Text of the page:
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Archive for April, 2010

Chun Hua Catherine Dong keeps silent when audience uses a boom pole to pokes her, but her dress makes sharp soundChun Hua Catherine Dong stands on a plinth and doesn't speak when audience pokes herChun Hua Catherine Dong calls herself a silent participant, she holds her fist, looks at audience who pokes her with angry looks in her eyes

Chun Hua Catherine Dong doesn't care when audience makes fun of her, she looks away

This work  explores interactive wearable art.  three distance sensors are carefully embedded in flowers  on my dress. A lilypad arduino, a speaker, and batteries are  hidden on the back of the fan I hold . when the viewers use a boom microphone to closely examine the body to search signal, sharp sounds will occur.

The body is an interface. It is not only a site of intercultural encounter, but also a field of intersection of material and symbolic forces. This work doesn’t address much functionality but emotions, memory, fantasy and experience with awareness of body as intimate communicator and symbolic interface. It focuses more on viewers’ experiences: what is sensed, and what cognitive; and aesthetic processes are provoked during the interactive performance.

Silence is a sound that needs to be heard. Silence is meditation that needs to be read, a Ding, a sound to catch attention, a way of making things public, bringing light to shadow and stimulating public reflection and debate about the key issues of our time. Silence is also the intervention of crowd that needs to be seen. Silent doesn’t mean voiceless; if we don’t speak out, it doesn’t mean we don’t care.

Silent Participant is a term that I used to describe Asians living in the West who are often accused of having no opinions, of being indifferent to any politics, and of often sticking in their own ethnic groups. The silent participants are groups of visible minorities, often invisible but needing to be understood.

photo courtesy of artist
Chun Hua Catherine Dong®2010

 

 

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Chun Hua Catherine Dong pushes a big gallery wall during 2010 Winter Olympics in Vancouver, the woman wearing red is watching herChun Hua Catherine Dong pushes a giant gallery wall during 2010 Winter Olympics in Vancouver to make comments about the BC government’s funding cuts to the artsAbsence-and-Presence-Chun-Hua-Catherine-Dong-08Chun Hua Catherine Dong pushes a big gallery wall during 2010 Winter Olympics in Vancouver, she questions the relationship between artists and galleriesChun Hua Catherine Dong pushes a giant gallery wall during 2010 Winter Olympics in Vancouver to make comments about the BC government’s funding cuts to the arts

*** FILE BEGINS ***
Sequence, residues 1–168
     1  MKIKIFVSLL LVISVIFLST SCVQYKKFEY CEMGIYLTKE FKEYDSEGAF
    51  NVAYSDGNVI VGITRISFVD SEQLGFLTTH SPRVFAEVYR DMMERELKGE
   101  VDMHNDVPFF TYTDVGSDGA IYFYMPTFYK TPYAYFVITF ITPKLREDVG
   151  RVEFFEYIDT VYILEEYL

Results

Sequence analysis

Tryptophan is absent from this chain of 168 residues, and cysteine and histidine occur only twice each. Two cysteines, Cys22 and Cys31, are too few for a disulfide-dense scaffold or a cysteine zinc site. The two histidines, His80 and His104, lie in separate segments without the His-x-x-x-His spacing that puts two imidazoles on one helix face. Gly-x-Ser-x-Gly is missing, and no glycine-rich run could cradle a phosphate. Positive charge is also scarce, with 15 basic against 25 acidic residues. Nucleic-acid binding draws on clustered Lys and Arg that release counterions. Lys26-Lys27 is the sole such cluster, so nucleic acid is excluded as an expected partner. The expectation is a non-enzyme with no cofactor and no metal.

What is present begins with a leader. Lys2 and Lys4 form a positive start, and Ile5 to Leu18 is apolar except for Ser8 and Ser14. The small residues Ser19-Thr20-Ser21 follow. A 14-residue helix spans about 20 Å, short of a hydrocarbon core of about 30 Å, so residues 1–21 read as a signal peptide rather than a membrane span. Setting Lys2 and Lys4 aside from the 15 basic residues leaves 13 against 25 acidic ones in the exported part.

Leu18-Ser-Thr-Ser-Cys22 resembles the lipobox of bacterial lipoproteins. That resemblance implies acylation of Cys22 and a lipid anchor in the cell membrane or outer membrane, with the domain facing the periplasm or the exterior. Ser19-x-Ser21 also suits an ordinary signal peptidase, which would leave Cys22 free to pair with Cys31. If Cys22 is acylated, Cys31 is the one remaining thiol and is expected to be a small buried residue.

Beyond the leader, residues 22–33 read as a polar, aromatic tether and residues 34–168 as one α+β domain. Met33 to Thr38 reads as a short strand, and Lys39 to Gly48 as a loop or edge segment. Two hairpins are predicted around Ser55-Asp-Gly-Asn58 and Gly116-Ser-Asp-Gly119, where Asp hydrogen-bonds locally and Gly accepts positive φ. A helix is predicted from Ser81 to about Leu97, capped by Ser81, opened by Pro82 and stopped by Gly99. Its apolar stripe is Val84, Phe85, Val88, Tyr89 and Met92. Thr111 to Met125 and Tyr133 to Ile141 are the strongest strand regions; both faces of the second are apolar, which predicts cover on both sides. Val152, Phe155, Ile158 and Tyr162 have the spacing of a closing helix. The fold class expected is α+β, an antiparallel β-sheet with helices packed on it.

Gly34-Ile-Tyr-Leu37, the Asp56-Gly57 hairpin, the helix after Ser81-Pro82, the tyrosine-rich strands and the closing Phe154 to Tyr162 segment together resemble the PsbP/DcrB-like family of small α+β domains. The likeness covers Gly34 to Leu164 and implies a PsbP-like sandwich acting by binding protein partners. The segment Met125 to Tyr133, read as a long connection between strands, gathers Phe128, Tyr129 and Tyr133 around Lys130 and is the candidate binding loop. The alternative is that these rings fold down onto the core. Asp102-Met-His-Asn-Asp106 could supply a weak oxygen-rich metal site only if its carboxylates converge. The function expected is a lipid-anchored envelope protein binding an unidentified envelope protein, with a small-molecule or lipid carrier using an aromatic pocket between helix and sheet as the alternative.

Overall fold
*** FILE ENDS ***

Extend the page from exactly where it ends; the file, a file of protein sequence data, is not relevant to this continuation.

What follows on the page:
28 hours in Vancouver, 2010

I FEEL HOMELESS IN YOUR PRESENCE

I WILL BE AT HOME IN YOUR ABSENCE

On the CODElive opening during the 2010 Winter Olympics in Vancouver, I started to push a 12′x 8′x 42″gallery wall along streets of Granville Island. This movable wall is painted in white with 4 hidden wheels. On the wall, printed so as to be unremarkable except by flash photography, is the title of an exhibition: “I feel homeless in your presence/I will be at home in your absence”

This performance is a response to the BC government’s funding cuts to the arts. As a result of massive funding cuts, many galleries have been forced to close, and art is losing its home in B.C. The gallery wall, once a space of opportunity for artists, has had to be moved outside. This performance represents this sense of loss.

This hardship not only results in a tremendous loss to the arts in BC arts, but also raises more questions for artists. Can art survive without walls? Do we artists really need a gallery? The wall sometimes does not facilitate art but acts as an obstacle to divide art and artists. What if we artists try to push the gallery wall to the outside voluntarily, rather than being forced to move out because of politics? What if we artists try to move this obstacle in order to create more space for ourselves, rather than restricting ourselves within its boundaries? No matter whether the wall is forced outside or whether it needs to be pushed by artists ourselves, the performance presents this opposition, confrontation and struggle.

photo credit: Hua Jin

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